The mortgage guy I've worked with on two primary residence purchases is saying Fannie requires 25% down for an investment property. And the lender wants to see 3-6 months reserves which is understandable. Are there any local banks or credit unions that only require 20% down?
From my experience the answer is no. Depending on what state you buy in there are requirements. Like in Florida investment properties LTV must be 75%, but in Georgia it can be 80%. Some company's make it 65%. So for investment properties it will be between 65-75% in Florida. Not sure about your state. But it never hurts to call around and talk to the loan officer of the banks. Also, if it is too good to be true the loan officer most likely does not know, and it is too good to be true. I hear it all the time from investors this person told me 15% down and so and so on but then they come back to me haha because I told them the truth.
Typically you're looking at 75% LTV, or 70% if you're pulling cash out. Keep in mind however, most of the local NH banks I have spoken with are very conservative. They are hesitant on older buildings with the potential of lead paint (much more so than national lenders in my experience). They also have similar income requirements to Fannie/Freddie loans.
I tried to use some local banks but so far have been sticking with national lenders since the locals guys were making things too difficult.
@Zander Kempf thanks for the insight!
@Joseph A Gonzales thank you!
@Mike Street I'd reach out to Jeanne D'arc Credit Union and St. Mary's Bank and see if either of the can help you. I have not used either of them personally but know people that do a lot of business with them.
@Jeremy Wirths thank you!!
Seeing as you're on the seacoast, check out Newburyport bank. They are loaning aggressively in the area as they are trying to expand here. I have done a HELOC with them in the past where they didn't even inspect the property, and they were willing to loan 75% on a cash-out refi on an investment property while other banks were only doing 65% or 75% but only on money invested and not just a straight cash-out.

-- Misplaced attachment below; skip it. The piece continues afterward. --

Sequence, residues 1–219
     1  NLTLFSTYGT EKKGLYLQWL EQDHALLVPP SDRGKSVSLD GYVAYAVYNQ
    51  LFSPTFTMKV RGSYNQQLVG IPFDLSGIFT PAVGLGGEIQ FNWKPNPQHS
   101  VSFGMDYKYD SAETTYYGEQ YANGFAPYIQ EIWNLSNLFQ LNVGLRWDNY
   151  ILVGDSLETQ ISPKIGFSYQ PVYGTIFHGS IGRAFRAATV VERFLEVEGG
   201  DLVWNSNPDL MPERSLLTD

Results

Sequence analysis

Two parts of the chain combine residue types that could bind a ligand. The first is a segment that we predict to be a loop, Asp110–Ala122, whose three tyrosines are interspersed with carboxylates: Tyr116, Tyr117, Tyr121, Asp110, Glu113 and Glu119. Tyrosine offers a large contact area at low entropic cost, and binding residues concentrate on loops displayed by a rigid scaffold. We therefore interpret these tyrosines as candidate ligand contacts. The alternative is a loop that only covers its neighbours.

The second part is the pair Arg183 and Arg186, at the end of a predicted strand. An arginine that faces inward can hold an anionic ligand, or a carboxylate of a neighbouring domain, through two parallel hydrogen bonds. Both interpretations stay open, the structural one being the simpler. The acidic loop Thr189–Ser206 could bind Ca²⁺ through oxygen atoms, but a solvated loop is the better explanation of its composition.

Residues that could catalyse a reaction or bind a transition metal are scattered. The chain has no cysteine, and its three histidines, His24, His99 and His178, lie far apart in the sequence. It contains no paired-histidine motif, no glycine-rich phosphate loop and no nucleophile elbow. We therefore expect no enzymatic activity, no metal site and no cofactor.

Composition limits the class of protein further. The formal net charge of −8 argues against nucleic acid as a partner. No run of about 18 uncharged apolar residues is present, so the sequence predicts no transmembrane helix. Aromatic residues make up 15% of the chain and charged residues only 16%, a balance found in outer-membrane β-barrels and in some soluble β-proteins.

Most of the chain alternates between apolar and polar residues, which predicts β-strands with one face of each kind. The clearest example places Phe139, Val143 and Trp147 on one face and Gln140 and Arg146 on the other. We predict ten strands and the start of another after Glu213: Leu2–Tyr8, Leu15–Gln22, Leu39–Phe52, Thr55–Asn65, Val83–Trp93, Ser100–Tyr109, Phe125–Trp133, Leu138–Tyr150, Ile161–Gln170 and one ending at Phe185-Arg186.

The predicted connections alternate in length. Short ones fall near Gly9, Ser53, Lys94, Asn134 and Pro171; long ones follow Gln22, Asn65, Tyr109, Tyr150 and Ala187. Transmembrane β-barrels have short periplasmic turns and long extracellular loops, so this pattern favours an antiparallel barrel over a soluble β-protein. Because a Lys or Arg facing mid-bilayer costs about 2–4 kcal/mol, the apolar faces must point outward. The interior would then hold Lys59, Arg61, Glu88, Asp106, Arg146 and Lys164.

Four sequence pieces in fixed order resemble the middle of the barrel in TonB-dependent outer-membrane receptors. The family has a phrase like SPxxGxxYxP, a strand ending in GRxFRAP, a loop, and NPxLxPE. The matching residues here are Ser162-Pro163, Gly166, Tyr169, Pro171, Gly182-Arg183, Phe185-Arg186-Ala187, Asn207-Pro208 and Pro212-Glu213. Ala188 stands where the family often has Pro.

@James Smith will do! Thanks!
How many units is the property? If it's a multi, Conventional requires it to be 25% down. This is for all 50 states. If it's a single, you can buy for 15% down Conventional.
There's a million different programs out there for slightly lower down payment requirements. What state are you looking to buy in?
@Elise Marquette Hi Elise, looking to buy in NH. I recently heard about HomeStyle Renovation loan. A single family purchase would be my easiest way to buy using that program. I’m looking into it more and also reading Building Wealth One Home at a Time.
You can get portfolio money at 80% ltv on an investor purchase with rates in the high 4's, low 5's on a 30 year fixed. Just sayin'.:)
@Stephanie P. Thank you! I will look into that option.
There are bank/lenders that can do 20% down as opposed to 25% down. In this case you will notice that there is the possibility of the rate being higher due to a higher LTV.
The thing I would recommend is to make sure you look at when talking to lenders is if having less down will affect the rate. If you have to take a higher rate to get a lower down payment then you will want to run some numbers to see if it is worth it to have the higher rate vs having the extra 5% down.
I hope this helps.
@Michael Glist thanks, Michael!
One approach is to purchase the property using a hard money or private money loan. Rehab the property then refinance out at 75% of the appraised price. I like Working with Joanne at Primary Bank in Bedford. The bank was started by real estate investors.